Why Can't Tennis Players Agree on Much of Anything?

Cindysphinx

G.O.A.T.
I had a frustrating weekend of tennis. Just social matches with a variety of 3.5-4.0 people. Some teammates, some friends. And I left with a question: Why can't rec tennis players agree on the simplest things?

In the course of a few days, I have been told that:

The DTL player in a staggered net formation should not play any ball going up the middle.

If one player transitions to net, the other should backpedal furiously.

In a one-up, one-back formation, the deep player should call switches on lobs over the net player's head.

Players should not poach with their BH.

All that, volunteered by partners in just one weekend. And if people are volunteering this stuff as gospel, heaven only knows what nonsense is banging around in their heads that they aren't voicing?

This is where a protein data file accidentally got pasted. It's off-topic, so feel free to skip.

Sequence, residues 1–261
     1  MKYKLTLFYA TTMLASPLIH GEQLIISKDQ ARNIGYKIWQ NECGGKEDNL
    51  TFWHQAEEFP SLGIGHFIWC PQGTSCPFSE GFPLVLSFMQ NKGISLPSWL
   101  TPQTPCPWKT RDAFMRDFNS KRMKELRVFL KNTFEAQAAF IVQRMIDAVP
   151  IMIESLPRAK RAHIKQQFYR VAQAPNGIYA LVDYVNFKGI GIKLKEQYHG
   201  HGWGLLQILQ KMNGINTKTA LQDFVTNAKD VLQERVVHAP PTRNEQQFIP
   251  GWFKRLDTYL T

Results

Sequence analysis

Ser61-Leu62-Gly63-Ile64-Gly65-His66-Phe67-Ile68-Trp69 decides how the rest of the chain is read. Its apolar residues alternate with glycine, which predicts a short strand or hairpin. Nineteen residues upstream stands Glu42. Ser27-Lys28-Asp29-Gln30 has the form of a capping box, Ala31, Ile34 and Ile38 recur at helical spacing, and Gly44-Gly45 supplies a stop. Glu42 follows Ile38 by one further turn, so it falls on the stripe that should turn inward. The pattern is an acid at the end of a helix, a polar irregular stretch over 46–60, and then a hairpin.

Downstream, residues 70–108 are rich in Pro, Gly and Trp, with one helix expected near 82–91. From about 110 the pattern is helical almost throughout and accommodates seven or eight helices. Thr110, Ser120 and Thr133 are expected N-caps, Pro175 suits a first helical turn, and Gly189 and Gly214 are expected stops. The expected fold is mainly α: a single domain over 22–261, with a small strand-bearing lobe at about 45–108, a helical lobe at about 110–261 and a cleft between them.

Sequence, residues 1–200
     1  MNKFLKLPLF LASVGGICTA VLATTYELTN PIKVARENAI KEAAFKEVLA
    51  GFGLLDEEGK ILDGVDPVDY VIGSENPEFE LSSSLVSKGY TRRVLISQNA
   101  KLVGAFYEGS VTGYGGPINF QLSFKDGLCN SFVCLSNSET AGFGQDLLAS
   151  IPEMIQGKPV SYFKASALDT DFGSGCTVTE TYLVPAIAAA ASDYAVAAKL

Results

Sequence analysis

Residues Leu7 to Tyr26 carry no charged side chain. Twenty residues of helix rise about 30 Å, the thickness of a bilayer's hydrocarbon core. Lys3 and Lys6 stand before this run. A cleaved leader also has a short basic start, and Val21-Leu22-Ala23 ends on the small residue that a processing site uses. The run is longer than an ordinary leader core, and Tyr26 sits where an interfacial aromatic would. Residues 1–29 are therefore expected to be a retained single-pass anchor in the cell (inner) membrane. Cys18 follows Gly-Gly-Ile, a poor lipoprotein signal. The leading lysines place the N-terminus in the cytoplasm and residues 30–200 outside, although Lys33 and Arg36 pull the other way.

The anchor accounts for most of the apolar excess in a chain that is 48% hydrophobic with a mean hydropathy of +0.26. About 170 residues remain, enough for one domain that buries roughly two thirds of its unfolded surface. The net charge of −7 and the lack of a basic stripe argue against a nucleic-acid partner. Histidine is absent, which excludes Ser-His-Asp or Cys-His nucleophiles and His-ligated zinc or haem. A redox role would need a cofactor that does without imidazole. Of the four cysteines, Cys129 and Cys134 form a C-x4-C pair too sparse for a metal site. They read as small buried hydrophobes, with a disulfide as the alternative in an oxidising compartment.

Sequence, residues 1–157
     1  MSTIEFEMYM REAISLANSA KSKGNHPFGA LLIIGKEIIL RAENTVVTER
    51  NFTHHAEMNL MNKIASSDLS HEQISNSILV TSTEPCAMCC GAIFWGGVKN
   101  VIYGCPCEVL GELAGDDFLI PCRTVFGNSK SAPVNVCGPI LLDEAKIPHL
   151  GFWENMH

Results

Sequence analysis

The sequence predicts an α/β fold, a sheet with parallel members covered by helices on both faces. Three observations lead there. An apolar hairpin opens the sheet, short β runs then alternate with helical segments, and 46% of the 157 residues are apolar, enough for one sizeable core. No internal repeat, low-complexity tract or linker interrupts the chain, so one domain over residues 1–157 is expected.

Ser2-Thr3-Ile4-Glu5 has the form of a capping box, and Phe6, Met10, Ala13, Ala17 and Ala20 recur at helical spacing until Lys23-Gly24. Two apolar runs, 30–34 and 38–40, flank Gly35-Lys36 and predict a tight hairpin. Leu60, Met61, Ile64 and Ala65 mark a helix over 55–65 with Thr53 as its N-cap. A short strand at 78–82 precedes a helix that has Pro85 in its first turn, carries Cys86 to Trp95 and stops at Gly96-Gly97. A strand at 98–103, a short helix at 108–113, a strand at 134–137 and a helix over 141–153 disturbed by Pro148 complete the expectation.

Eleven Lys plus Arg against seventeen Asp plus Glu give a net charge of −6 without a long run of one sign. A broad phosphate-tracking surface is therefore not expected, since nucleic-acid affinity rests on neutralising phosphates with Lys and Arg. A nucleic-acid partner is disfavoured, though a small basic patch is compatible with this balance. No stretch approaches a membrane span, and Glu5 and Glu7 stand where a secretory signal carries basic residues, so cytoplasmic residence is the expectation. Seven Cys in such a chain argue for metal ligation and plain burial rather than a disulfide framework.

That doesn't even begin to cover some of the horrific positioning I'm seeing. One example. After some back and forth during a critical point, both of us were at the baseline, me deuce, partner ad, partner slightly in no-man's land. Ad side opponent hits a crosscourt ball that lands near the T but is angling away from me. My partner rushes forward, which I believed meant she was going to hit a FH approach shot. Instead, she ran right past the ball, apparently expecting me to play it. She later explained that she wasn't planning to hit a FH approach, but was instead just planning to go to the net while I hit the ball. OK, this is obviously wrong on so many levels I don't even know what to do. First, she is closer to the ball and to the net, with the ball angling toward her, so why not hit it? Second, how am I supposed to know she is planning a faux approach shot? Third, she doesn't know what kind of shot I'm about to hit -- what if I send it straight to the net player or she poaches -- so shouldn't she wait to move foward until my ball clears the net player? Fourth, if she is going to inexplicably lay off any ball headed toward her, shouldn't she, you know, say something to me, like "You!"